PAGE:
Empire: Total War is a turn-based strategy and real-time tactics computer game in which players choose a contemporary 18th century faction and set out to ensure that faction's domination over the known world through military force, politics, diplomacy, espionage and economics. Although the campaign element of the game is turn-based, players can direct battles in real-time.



What it does well:
The sheer amount of research that has gone into making the armies and navies of the various nations look authentic and realistic in astounding, the warships used in the sea battles in particular, were painstakingly reconstructed from designs held by the National Maritime Museum. From British regulars to the Cossacks of southern Russia all the nationalities have the look, flavour and feel of the real thing.

Another feature I loved was that changes in government may occur during the campaign as the rise of republicanism over the traditional rule by monarchy becomes an issue throughout this period. For instance, the United States may only come into existence if the ruling British Empire is unable to maintain social order. Another example is that the French Revolution may occur if the people of France are no longer satisfied with their sovereign.

What it does not do well:
Unfortunately the player never plays against an opponent in the game who uses the authentic warfare strategies of the 18th century and the Napoleonic era. Your army may begin in a grand authentic formation but the computer enemy just gets confused and sends men randomly all over the place. It would be amazing if when fighting the French army it used infantry tactics reminiscent of the time, but it doesn't. The result being that, although it looks like it,  you never actually  feel like your plying against an army or navy of the period. Perhaps, for the game designers, this is a case of heavy research begets more heavy research and there simply reaches a point where they have to say if we don't stop somewhere this product is never going to be made.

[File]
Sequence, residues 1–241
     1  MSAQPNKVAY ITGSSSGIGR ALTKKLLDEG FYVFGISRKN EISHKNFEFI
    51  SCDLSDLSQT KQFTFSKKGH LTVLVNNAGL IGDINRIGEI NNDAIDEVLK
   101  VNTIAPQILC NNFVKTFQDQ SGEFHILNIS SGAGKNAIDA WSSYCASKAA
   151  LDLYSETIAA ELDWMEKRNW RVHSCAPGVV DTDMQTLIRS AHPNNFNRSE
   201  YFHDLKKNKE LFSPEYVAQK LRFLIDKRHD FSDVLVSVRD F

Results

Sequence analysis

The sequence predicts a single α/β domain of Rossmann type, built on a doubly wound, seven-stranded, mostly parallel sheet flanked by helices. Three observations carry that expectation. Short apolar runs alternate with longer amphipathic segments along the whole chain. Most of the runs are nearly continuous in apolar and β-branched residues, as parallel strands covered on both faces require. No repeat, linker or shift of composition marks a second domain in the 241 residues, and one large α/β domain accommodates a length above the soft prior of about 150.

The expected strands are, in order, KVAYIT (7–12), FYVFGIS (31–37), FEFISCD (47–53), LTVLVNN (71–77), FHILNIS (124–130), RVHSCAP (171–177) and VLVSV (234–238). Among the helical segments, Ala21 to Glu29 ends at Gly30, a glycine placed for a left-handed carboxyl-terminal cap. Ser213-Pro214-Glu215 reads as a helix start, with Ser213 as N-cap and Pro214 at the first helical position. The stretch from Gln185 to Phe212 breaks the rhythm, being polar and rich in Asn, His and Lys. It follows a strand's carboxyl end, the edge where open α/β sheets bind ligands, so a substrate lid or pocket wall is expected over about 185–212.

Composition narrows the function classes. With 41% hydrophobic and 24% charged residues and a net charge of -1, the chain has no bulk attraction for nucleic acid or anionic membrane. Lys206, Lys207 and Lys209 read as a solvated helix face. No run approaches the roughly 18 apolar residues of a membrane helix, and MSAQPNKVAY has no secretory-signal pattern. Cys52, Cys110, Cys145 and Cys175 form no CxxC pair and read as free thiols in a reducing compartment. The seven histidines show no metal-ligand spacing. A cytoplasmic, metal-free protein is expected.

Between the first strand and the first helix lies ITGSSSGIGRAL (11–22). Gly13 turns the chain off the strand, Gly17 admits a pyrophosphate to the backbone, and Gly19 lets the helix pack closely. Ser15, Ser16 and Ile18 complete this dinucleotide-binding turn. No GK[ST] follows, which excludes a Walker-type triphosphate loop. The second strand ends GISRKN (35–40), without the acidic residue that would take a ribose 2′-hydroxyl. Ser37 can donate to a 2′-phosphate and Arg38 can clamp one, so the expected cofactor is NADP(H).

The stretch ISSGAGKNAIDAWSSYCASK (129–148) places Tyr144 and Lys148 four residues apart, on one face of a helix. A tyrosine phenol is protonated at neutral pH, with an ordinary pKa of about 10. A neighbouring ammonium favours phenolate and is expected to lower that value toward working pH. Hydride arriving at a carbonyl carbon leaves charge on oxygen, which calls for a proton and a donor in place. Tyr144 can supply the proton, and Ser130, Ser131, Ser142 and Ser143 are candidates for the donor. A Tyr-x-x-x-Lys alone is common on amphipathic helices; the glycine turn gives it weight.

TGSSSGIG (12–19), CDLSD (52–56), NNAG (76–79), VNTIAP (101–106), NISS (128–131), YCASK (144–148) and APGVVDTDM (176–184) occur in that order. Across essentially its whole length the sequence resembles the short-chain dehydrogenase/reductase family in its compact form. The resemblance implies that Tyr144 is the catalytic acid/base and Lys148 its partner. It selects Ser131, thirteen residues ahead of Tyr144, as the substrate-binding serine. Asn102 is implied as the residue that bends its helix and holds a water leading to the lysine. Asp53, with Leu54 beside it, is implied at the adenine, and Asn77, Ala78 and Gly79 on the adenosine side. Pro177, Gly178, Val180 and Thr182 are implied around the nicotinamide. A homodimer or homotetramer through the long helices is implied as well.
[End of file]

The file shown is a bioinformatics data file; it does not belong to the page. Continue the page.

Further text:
Mafia II

The storyline for Mafia II is a gritty drama that chronicles the rise of the players character Vito Andre Scaletta, the son of Sicilian immigrants, from the late 1940s to the mid 50s. As the game progresses, Vito joins the Falcone crime family and becomes 'a made man' along with his best friend Joe Barbaro. The story begins with the player character Vito returning home from World War II. Vito had joined the U.S. military as a way of avoiding jail time for a botched robbery. Vito reunites with his old friend, Joe Barbaro, and the two quickly embark upon a life of crime. Their criminal ascension starts with Mike Bruski, a car mechanic who gets in a conflict with Joe. Mike also needs a certain type of car to chop for parts, and will pay $400 for one that the police are not tailing. Soon enough, Vito, Joe, and Henry Tomasino (already a made man) find themselves battling with, for, against, and around three crime factions: the Falcone, Vinci and Clemente families.

What it does well:
It is hard to describe just how visually stunning the period recreation of an American city is, in which the player subsequently get to ream-free in superbly replicated period cars. The city is called Empire Bay and is essentially an amalgamation of New York’s streets and Hollywood’s hills which is
interactively sterile as all other ‘open-world’ game-cities are, but it’s been coated in a veneer of 'dreamy credibility'. Each street and hallway has a feature – a man shouting at an open window; a
woman pressing her ear to a door; the sound of an argument.


What it does not do well:
The player’s supporting cast eschews any chance to get really creative, instead furnishing the game with another layer of dark-suited, dark-haired professionals, hit men and higher-ups that blur into one mass. Driven by his need for money and respect, Vito is encased in a series of ever-widening shells, each step up the mafia ladder, giving a new set of faces to watch in cut-scenes: but they’re all congealed clichés, culled from a hundred Bronx Tales and Godfathers. The dialogue is well written and excellently acted, but it feels mechanical, the spouting's of a supercomputer sat in a shady office with its dials set to ‘lightly-accented macho threat.’